Reviewing the Reviewers, June 20, 2008
What I would like to offer, therefore, is less of a review of the book than a review of the reviewers. Clearly, if this were some kind of an election, the “pro” side would be landslide winners. That fact by itself, of course, does not prove that Pagan Christianiy is a paradigm of insight and truth. There are many books on the market today that are awash with rave reviews that I wouldn’t waste either my money to purchase or my time to read or the space on my bookshelves to display. But I did invest in a copy of Pagan Christianty, I have taken the time to carefully read it – more than once – and I will definitely assign it a prominent place on my bookshelves with other esteemed writings that I consult frequently. By the way, as a writer myself, and as a copy editor for a Christian magazine, I must add that from a style perspective alone, Pagan Christianity is a literary masterpiece. About the only criticism I can offer is that the tiny font size chosen for the footnotes is a challenge for my 73 year old eyes.
As of today (6/20/08), 138 others have already written a review of Pagan Christianity. I read all of them – carefully – before venturing to add the 139th. Admittedly, there is little helpful analysis that I can add, since just about everything that can be said about this excellent and challenging book has already been provided for you in the reviews that precede mine. In fact, if you simply take the time to carefully read the reviews by David Flowers, William Dahl, John White, Jon Zens, Jill Scales, N Demaray, Clark Wade and James Miller, I can only add one word. Amen!
Now, what about the other reviews? I’ve already betrayed my favorable bias toward Pagan Christianity, so other than recommending that you read the reviewers I’ve listed above, I can do little more than to endorse their analyses. But I do have some reactions to those who have commented unfavorably about the book. Some allege, for example, that the research is flawed. As one who majored in Church History, however, I would observe that few authors today have consulted so wide a wealth of original resources or so accurately summarized their findings. “The rub,” to quote Shakespeare, does not lie in the historical data unearthed by Viola/Barna, but rather in the widespread contemporary revisionistic interpretations of that data by defenders of church status quo.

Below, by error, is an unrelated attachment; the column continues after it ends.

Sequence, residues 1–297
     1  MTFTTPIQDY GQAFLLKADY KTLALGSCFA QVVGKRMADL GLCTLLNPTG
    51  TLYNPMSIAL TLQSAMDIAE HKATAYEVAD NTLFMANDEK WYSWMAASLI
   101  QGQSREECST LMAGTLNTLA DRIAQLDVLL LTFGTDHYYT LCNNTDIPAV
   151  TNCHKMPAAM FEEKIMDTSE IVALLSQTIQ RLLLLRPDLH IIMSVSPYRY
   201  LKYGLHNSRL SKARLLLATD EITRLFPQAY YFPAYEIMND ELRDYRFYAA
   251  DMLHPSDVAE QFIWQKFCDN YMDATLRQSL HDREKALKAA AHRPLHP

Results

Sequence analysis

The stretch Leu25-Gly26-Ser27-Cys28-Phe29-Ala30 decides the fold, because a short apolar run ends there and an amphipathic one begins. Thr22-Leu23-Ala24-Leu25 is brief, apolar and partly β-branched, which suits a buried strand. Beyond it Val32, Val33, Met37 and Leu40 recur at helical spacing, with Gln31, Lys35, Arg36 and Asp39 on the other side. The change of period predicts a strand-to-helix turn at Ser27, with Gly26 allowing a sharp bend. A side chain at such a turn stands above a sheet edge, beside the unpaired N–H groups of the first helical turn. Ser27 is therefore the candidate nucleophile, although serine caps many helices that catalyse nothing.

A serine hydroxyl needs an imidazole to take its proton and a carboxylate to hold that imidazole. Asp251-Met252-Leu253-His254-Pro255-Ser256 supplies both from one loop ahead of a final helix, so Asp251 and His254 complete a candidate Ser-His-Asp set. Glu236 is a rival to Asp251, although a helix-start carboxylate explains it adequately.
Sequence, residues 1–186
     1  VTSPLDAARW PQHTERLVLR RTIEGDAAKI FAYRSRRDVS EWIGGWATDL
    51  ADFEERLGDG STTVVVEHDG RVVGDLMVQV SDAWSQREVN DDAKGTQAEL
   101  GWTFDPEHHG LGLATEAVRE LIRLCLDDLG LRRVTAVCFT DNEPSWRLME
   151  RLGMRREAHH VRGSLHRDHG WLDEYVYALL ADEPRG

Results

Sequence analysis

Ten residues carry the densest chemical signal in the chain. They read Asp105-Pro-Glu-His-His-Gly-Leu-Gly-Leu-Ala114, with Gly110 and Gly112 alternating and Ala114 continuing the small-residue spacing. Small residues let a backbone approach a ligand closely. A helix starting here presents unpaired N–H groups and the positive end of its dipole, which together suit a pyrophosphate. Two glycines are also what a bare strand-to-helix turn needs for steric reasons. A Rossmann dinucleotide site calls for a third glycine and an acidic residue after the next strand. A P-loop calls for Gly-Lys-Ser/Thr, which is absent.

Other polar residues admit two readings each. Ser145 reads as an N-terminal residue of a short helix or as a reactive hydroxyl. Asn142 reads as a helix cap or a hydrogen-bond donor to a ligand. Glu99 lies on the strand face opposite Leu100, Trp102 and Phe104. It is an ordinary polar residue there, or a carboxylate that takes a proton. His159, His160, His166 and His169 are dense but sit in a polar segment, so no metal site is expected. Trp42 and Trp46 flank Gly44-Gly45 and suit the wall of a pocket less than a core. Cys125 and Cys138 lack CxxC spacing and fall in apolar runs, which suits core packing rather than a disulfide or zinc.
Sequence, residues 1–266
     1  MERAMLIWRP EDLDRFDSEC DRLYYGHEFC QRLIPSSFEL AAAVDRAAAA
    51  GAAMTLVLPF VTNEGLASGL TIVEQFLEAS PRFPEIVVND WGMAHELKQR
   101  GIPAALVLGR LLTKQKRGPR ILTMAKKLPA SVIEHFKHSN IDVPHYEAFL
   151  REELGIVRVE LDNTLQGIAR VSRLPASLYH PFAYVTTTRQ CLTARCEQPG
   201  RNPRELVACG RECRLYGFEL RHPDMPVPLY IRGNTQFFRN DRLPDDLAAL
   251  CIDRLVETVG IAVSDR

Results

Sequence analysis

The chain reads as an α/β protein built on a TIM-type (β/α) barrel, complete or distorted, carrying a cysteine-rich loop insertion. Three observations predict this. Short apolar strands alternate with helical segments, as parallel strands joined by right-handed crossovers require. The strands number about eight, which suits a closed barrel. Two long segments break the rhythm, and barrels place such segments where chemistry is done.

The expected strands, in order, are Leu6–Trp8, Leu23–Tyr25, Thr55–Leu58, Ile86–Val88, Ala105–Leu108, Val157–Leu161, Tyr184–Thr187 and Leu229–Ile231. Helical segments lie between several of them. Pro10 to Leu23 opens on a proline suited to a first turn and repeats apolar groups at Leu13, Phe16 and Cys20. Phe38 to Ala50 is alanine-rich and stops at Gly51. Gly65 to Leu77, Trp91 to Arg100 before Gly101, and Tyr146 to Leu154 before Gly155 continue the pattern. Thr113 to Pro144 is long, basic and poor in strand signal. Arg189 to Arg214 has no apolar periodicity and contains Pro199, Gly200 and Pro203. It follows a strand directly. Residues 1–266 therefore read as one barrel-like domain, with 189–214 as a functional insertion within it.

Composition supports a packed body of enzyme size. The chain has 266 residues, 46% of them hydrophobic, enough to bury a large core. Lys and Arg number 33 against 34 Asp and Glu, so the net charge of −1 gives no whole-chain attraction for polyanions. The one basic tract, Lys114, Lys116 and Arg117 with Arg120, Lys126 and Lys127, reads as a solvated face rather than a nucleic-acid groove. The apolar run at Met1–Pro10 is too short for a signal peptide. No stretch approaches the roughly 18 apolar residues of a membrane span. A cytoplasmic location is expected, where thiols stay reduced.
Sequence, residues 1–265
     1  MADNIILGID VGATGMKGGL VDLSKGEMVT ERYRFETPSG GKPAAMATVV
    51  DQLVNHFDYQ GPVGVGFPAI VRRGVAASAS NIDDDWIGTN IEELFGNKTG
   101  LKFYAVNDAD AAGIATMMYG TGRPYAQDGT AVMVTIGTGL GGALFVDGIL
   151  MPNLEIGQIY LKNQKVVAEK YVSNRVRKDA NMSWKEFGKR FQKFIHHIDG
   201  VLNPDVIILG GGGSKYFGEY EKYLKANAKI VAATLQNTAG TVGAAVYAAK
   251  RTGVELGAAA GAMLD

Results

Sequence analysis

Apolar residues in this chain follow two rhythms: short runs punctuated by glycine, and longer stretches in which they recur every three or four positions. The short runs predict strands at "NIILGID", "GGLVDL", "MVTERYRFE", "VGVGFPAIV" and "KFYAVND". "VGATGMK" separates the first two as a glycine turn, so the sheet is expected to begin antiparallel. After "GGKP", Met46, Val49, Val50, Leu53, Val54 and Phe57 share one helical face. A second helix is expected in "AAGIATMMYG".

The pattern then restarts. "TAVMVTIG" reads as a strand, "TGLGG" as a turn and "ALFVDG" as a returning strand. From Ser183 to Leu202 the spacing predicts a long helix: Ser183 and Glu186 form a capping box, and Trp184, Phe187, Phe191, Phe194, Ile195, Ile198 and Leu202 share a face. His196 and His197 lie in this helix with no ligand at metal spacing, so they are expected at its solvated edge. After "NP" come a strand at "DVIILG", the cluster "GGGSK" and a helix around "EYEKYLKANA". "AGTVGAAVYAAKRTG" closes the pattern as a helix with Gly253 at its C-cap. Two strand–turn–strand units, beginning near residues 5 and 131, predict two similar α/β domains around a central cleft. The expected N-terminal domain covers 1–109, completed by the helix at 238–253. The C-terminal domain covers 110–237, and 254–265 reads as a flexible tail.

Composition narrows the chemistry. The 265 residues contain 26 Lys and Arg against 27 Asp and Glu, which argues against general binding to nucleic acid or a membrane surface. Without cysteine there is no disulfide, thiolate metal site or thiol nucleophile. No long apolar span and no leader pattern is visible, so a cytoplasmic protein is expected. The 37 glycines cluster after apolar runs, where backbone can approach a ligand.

Another recurring criticism of Pagan Christianity is the allegation that its call to return to early church values and practices fails to allow for natural progress and infringes on NT freedom. That the NT does not dictate precise forms for body life, but allows for considerable freedom is certainly true. But it does provide many inviolable principles that must govern and shape whatever practices and forms we may adopt to facilitate that body life. The point of Pagan Christianity is not to interfere with the liberty for local assemblies to be creative in how they facilitate body life, but to point to Pagan practices and forms that have subtly intruded into church life over the centuries at the expense of some of those very inviolable principles. Just one case in point: the CEO “Pastor.” Perhaps we have the liberty to recognize one individual in the assembly as particularly gifted in leadership and training. Perhaps we have the liberty to give that one person the title, “Pastor” (even though there is virtually no NT justification for doing so). But when that one person becomes the focal point of all gatherings; the only one authorized to exegete God’s Word; the final authority on all matters of doctrine and practice; the only one “ordained” to “minister,” etc., etc., liberty to choose forms and practices has crossed the line and transgressed the inviolable principles of “one another” ministry so clearly set forth in at least 58 distinct NT passages.
I must confess that I was surprised to find several reviewers who seemed to say, “So what” to the main premise of the book – the Pagan roots for so many of the trappings and practices of today’s institutional church. I would certainly agree that the mere fact that the origin of some church practice or tradition can be traced to Pagan roots does not – by itself – make that practice or tradition evil. Believers often benefit from the scientific and cultural advances of the unbelieving world in which they live. But that is not what the authors of Pagan Christianity are decrying. In every case where they trace a contemporary church practice to Pagan roots, they also provide clear evidence to show that adopting that specific Pagan practice creates a situation that runs totally counter to everything the NT teaches about body life. In every one of the many imported church practices and traditions examined by the authors, having Pagan roots does matter!
This is a great book – a few negative reviews notwithstanding. Read it carefully. Then read it again. Then read the entire NT afresh to determine “whether these things are so.”